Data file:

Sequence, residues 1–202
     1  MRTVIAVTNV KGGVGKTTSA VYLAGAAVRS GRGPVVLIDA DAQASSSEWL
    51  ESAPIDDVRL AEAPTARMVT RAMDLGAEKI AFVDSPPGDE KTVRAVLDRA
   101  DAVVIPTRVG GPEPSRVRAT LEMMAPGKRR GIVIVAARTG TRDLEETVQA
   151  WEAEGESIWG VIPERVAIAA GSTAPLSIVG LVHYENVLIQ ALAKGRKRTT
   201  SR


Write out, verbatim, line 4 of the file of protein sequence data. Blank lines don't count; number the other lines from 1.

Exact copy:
   101  DAVVIPTRVG GPEPSRVRAT LEMMAPGKRR GIVIVAARTG TRDLEETVQA